NuMax S2-118G2 18-Gauge 2 In 1 Brad Nailer and Stapler

Brand: NuMax
Post : 8 mon ago (January 27, 2017) | 111 views.

Feature :

  • Ultimate versatility uses two type of Fasteners: 18 Gauge Brad Nails and 18 Gauge ¼" Narrow Crown Staples
  • Fastener length: Nails ranging from 3/8" - 2" and Staples ranging from ½" to 1-5/8."
  • Ideal for decorative trim, chair rail, baseboards, window casing, shoe and crown molding
  • Adjustable Depth for different applications
  • The no-mar tip eliminates damage to work surfaces

  • List Price : $26.99
  • Price : $26.99
  • Usually ships in 24 hours
  • Price on Fri, 27 Jan 2017 02:58:55

Description :

The Numax S2-118G2 - 2 in 1 gun shoots 1⅝" Narrow Crown Staples and 2” 18 Gauge Brad Nails. This 2 in 1 nailer is a high quality, innovated home improvement tool. This Crown Stapler/Brad Nailer has a lightweight die-cast aluminum design and a tool-free adjustable exhaust that conveniently directs exhaust from your face. The Numax 1⅝" Narrow Crown Stapler/18 gauge 2" Brad Nailer is great for interior and exterior finish and trim, cabinetry, cabinet backing, crafts and hobbies. This stapler/nailer is manufactured under the strict guidelines to ensure quality. The stapler/nailer is backed by Numax’s 1 year warranty.

NuMax S2-118G2 18-Gauge 2 In 1 Brad Nailer and Stapler :

Answer to questions about high-bush blueberry protection

Once again I seek your advice concerning high-bush blueberry. I have found the same features on non-problematic bushes that were on problematic ones at the very beginning. Pictures are attached. High-bush blueberry black leaf Moreover, I have found black leaves on one Jersey blueberry bush. Some leaves are black on the one side only, the others – on both sides.

And one more question. The trunks of some bushes grow horizontally. Should I forcibly lift them vertically or let them grow as they are? One last thing. I have found a new sprout in one pit (see the picture of the circled red ellipse).

Answer to questions about high-bush blueberry protection

Click the picture to enlarge. I cannot understand whether it is a blueberry sprout or some tree has penetrated from below through the coating and acid soil? The planting site of the blueberry bushes had thickets of young plum, cherry and maple. I tried to remove the roots, but, perhaps, I failed to remove all the roots during the pitting.

Thanks in advance for your answers. Sincerely, Andrey Kulyatin. Hello, Andrey Yurevich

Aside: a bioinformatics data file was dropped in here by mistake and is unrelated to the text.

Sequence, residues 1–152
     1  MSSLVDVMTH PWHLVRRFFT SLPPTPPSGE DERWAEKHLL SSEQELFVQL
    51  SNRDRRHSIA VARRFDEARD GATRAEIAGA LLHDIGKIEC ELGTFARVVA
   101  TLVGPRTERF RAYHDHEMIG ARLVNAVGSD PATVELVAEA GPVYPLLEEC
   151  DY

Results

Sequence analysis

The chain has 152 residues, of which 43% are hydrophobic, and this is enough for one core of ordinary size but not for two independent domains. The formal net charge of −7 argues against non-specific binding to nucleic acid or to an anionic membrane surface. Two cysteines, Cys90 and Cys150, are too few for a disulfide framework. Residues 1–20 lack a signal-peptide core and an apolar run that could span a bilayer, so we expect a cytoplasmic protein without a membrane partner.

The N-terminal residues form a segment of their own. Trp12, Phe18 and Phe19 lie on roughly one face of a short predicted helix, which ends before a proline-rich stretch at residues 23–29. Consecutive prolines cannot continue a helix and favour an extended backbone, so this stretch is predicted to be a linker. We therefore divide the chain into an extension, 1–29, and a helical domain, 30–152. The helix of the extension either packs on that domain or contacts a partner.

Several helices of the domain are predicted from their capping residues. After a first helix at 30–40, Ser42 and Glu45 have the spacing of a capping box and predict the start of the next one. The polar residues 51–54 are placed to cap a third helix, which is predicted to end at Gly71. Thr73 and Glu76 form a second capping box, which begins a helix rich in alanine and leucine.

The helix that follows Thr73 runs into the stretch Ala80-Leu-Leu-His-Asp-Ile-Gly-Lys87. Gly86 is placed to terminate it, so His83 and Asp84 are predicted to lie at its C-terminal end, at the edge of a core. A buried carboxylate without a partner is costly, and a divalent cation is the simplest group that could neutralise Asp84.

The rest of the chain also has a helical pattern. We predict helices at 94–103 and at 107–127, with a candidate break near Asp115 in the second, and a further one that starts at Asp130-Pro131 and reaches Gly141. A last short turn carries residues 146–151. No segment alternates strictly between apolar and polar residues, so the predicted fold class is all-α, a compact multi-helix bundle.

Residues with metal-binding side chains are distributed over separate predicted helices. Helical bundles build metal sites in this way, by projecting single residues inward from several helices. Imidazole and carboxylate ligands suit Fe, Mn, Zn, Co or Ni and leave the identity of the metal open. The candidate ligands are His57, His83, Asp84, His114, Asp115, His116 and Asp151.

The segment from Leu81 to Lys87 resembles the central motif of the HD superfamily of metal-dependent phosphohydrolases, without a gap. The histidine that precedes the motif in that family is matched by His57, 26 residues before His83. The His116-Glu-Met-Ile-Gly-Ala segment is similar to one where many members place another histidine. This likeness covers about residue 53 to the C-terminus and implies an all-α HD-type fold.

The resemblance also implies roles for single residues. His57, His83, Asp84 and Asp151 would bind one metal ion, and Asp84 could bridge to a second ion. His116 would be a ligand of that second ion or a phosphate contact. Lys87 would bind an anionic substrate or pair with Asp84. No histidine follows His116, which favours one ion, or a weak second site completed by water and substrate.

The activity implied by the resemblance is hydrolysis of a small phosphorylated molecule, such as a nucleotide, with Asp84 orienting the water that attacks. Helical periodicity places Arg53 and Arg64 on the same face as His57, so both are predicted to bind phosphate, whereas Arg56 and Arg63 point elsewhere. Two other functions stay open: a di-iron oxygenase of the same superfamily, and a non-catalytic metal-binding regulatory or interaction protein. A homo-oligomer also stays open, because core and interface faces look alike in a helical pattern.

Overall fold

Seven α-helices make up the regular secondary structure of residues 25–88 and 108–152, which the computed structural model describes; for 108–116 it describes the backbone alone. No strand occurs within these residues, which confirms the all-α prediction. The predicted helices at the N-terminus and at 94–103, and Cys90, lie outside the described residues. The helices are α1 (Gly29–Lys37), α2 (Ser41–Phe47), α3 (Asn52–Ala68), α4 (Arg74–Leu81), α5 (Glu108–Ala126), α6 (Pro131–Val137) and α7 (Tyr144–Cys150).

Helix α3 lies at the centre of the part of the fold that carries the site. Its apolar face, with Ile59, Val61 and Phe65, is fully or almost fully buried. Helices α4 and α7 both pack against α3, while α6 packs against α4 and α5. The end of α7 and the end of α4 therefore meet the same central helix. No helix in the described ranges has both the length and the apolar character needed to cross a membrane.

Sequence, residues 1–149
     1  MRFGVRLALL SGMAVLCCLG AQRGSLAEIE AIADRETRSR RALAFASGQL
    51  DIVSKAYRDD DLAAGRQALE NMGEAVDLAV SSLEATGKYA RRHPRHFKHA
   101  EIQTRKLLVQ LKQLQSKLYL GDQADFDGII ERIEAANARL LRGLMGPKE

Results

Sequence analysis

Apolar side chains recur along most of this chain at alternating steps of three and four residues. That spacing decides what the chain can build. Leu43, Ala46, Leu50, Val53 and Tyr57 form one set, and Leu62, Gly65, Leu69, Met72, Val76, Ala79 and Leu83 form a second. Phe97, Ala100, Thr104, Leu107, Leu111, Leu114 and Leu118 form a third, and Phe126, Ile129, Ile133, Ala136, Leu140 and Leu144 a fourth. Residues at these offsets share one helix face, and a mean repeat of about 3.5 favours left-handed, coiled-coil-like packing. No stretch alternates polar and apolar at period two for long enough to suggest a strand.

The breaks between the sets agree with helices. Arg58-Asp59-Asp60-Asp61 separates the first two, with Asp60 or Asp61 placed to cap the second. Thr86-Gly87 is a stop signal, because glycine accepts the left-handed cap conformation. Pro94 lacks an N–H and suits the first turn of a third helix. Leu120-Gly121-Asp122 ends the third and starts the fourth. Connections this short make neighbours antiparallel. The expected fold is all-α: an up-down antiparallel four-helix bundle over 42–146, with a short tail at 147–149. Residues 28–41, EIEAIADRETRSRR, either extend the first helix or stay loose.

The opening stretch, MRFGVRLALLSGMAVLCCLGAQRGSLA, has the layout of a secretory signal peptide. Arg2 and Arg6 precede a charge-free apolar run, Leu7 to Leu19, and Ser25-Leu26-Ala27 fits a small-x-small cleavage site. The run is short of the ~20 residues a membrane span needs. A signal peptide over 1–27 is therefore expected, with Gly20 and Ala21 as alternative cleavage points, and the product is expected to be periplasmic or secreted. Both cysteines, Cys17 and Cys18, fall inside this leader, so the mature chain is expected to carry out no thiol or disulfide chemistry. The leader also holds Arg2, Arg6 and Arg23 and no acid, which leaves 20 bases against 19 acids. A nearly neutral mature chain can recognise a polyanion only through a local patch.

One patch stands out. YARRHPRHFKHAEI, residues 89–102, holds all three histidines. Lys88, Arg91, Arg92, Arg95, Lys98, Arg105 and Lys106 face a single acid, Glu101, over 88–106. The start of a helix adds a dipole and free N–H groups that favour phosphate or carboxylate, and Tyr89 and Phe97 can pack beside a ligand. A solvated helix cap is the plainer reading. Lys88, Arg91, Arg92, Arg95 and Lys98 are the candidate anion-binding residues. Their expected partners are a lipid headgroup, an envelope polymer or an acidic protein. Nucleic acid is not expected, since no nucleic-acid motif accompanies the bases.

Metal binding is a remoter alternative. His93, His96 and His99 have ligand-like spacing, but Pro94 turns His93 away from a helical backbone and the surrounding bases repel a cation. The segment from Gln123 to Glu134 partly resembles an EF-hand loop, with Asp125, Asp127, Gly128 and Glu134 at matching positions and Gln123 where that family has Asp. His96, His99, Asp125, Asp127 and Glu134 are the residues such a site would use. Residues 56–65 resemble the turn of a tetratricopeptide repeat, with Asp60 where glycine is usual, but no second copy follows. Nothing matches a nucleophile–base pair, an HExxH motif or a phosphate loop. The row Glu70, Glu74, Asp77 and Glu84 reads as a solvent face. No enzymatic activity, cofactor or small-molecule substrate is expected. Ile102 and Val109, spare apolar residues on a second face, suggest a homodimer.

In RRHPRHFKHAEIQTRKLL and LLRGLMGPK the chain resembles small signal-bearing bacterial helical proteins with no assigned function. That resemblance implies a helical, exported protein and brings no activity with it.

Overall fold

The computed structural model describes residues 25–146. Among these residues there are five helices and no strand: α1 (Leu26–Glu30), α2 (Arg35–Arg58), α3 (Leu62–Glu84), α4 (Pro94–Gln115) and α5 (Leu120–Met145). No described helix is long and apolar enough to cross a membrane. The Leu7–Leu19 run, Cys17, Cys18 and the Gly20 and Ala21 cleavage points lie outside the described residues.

The first thing you should do is to treat your blueberry bushes not only by fungicides such as Skor, Topsin M or Fundazol, but also by insecticides, because some of your pictures show leaf stripping. You can use Fufanon, Aktar, Detsis, Karate, or any bacterial preparations against insects permitted in EU and USA, such as Fitoverm. Do not apply nitrogen fertilizers after midsummer. You can use copper products (copper sulphate, copper oxychloride) in the spring.

Black spots on blueberry leaves are very similar to dark mildew – a fungus disease that can be treated by the same fungicides. In general, the disease gives “cosmetic” inconvenience to your bushes. You can treat the leaf spots in the same way.

Judging by your pictures, the general status of your bushes for the first year is very good – there is a pronounced growth, leaves are well developed. The degree of blueberry fungus diseases is negligible – I would say even very low. Considering the fact that during the first year or first two years plants are adapting after planting, I dare to hope that when they take good roots, then many problems will disappear by their own.

Regarding the horizontal lying sprouts – at the moment, leave them in their original way: new vertical sprouts that will form the bush crown will come out of the ground next spring (and if you heel-in your procumbent blueberry sprouts in those places where they are tangent to soil, then you will be able to get your young plants – root layers).

Judging by the pictures, the unknown bush is not a plum, cherry or maple. It is cowberry. There are two main versions of how it got on your site:

1) They are often grown on adjacent seedbeds in nursery-gardens, because they both require the same soil conditions. Thus, cowberry sprouts could easily move to the adjacent seedbeds and then come to you together with the blueberry ones.

2) Cowberry got to you together with the needle litter from the wood or peat. Anyhow, it’s up to you to decide what to do with it – replant or remove from your garden.

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